Finally a breakthrough! Chromatic tablature that is easy to read and understand!
The Chromatic kalimba is a wonderful innovation based on the standard Hugh Tracey diatonic kalimbas such as the Alto and the Treble. Diatonic kalimbas play basically like the white notes on a piano. As long as a song stays in key with no accidentals, you can probably play it on an Alto or Treble kalimba. (An “accidental” is a note that is not in the key signature and requires a “flat,” “sharp,” or “natural” symbol. For the kalimba, though, this is a foreign concept, as “accidental” usually means “that note isn’t on the kalimba.”)
If a song changes keys or has accidental notes, and you want to play it on a kalimba, you need a Chromatic kalimba, which has all the notes of the scale, not just the piano’s white notes, but all the black ones too – the flats and sharps. Hugh Tracey Chromatic kalimbas are two-sided: they have the sharps and flats on their back sides, and the diatonic keys on the front sides.
“Carol of the Bells” is a beloved holiday song that can at best be performed in an approximate manner on the Alto kalimba – you really need the Chromatic kalimba to get the song just right.
In fact, “Carol of the Bells” is a great song for easing yourself into the Chromatic kalimba.
I’ll be frank: most kalimbas are an easy ride – you just move your thumbs and good sounds just happen. The Chromatic kalimba has the flats on the back side. You play the the front-side notes with your thumbs, and the back-side notes with your fingers. You cannot see exactly where your fingers are playing, so it is easy to play the wrong note. And as the back-side notes are the chromatic notes, when you play the wrong one, it tends to sound worse than most front-side errors do. (Why? Because front-side errors tend to harmonize with the intended note, which makes them more acceptable.)
That said, the back-side notes are arranged in a very logical way that facilitates playing: each “flat” note is located immediately behind the unflatted version of that note. Notes with flats behind them have little dots drawn on them. Front-side notes that don’t have the little dots (G and C) have their “flats” (F# and B) on the front side, but on the opposite hand.
(Yes, F# is not a “flat,” but it is one half step lower than G – in fact, F# is the same note as Gb. Kalimba is a physical instrument – you don’t really think in terms of flats and sharps, but you think in terms of how your thumbs and fingers need to move to accomplish a certain melody or harmony. As such, the Chromatic kalimba, and thinking about the Chromatic kalimba, is challenging.)
Now, the tablature for the Chromatic kalimba looks like the following:
Click to download PDF of tablature. This image is page one only; the PDF has both pages. The image shown here is of limited resolution, but in the PDF you have options to increase the image size.
The front tines are represented on the tablature as the central 15 columns. You can see they are the central “V” shape in the footer, with the column length matching the tine length on your kalimba. Painted tines are represented as gray columns. The back-side tines – the flats – are represented by the five gray columns on the far left and the six gray columns on the far right. These columns also are drawn in proportion to the actual tine length.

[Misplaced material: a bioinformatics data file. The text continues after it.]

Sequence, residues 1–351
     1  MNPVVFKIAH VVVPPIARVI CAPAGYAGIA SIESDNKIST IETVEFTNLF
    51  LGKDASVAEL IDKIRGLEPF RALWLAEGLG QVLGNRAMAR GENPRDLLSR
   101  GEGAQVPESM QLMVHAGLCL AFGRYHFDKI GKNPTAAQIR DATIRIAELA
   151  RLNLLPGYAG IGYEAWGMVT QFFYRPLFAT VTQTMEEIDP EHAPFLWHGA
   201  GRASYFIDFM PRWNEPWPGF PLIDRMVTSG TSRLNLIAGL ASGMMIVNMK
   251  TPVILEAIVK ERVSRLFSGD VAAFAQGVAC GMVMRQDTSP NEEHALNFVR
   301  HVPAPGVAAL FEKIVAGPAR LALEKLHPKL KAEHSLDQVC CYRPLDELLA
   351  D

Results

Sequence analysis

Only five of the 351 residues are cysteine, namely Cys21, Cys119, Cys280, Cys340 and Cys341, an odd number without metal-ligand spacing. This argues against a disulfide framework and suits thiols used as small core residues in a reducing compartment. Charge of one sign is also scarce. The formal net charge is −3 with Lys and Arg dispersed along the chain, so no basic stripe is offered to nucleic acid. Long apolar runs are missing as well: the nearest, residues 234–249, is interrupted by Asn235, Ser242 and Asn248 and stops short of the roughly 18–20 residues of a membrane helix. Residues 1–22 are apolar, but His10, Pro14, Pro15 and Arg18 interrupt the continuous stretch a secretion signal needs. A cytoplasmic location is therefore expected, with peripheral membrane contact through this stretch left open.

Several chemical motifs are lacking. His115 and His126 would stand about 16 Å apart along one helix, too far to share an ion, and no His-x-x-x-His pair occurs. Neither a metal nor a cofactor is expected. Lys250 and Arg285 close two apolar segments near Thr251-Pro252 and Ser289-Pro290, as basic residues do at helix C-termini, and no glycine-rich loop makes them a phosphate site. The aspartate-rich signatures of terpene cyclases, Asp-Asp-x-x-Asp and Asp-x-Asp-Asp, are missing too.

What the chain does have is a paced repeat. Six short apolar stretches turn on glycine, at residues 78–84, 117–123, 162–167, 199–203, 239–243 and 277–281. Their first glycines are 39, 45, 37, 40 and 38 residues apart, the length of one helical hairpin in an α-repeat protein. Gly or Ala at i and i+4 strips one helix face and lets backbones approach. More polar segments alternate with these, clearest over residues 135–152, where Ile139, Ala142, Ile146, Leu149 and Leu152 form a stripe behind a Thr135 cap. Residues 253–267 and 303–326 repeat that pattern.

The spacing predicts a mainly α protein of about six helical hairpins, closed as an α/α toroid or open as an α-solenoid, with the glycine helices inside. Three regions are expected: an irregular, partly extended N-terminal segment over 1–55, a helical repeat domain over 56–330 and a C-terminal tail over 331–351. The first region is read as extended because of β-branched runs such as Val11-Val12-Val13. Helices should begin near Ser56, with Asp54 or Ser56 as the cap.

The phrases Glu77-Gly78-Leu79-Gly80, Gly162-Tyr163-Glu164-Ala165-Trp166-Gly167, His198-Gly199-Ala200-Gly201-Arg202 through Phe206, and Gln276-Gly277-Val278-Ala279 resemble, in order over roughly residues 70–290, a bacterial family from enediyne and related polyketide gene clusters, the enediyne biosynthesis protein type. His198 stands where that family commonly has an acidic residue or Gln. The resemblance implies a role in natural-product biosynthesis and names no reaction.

The first page of “Carol of the Bells” requires only one back-side tine. If you download the 2-page PDF, you will find that back-side tines are used six more times on page two of the tablature. In other words, this song has very few back-side chromatic notes and is just about right for someone who knows how to play the Alto kalimba and would like to start learning the Chromatic kalimba.
The first chord of measure 10 has a chromatic/back-side note. There is a (black) note in the C# / Db column on the far right. It might be pretty hard to find this note on the back just from that tablature information. Another way to indicate where to find that back-side note is to mark the front-side tine that is right in front of the chromatic note to be played. This is indicated with a red hollow symbol in the D column at measure 10. This red symbol does not mean to play the D tine on which it falls – rather it means “play the chromatic note that is right behind me,” which is Db.
At first glance, the first chord of measure 10 looks like a four-note chord. But since the red note and the far-right note both represent the Db or C#, it is actually just a three-note chord.
These small technical changes transform the Chromatic tablature into a viable system for transmitting music and understanding. In summary, these changes are: the dots in the footer indicate the tines with flats right behind them; in the footer, the tines are represented with their correct relative tine lengths; and chromatic notes to be played are indicated both by a black note on the correct back-side column as well as by a red symbol on the front-side note immediately in front of the tine to be played.
With these changes, it is much easier to read Chromatic tablature. I hope these improvements will put this tablature within your reach to help you on your journey of understanding the Chromatic kalimba and greatly expanding your musical capabilities.